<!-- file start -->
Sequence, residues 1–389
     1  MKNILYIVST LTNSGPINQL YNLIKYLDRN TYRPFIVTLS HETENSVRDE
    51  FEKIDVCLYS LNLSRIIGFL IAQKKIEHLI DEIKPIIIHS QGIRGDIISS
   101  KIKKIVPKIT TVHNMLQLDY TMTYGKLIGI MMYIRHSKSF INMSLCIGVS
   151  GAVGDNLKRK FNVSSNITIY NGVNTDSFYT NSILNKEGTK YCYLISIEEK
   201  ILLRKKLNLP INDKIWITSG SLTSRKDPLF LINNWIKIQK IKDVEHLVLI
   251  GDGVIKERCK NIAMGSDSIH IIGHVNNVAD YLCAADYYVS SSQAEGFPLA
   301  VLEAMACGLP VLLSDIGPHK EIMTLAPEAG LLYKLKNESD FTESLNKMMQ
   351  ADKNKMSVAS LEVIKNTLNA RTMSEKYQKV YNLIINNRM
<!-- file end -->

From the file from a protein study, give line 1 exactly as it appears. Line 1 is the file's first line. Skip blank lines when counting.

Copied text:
Sequence, residues 1–389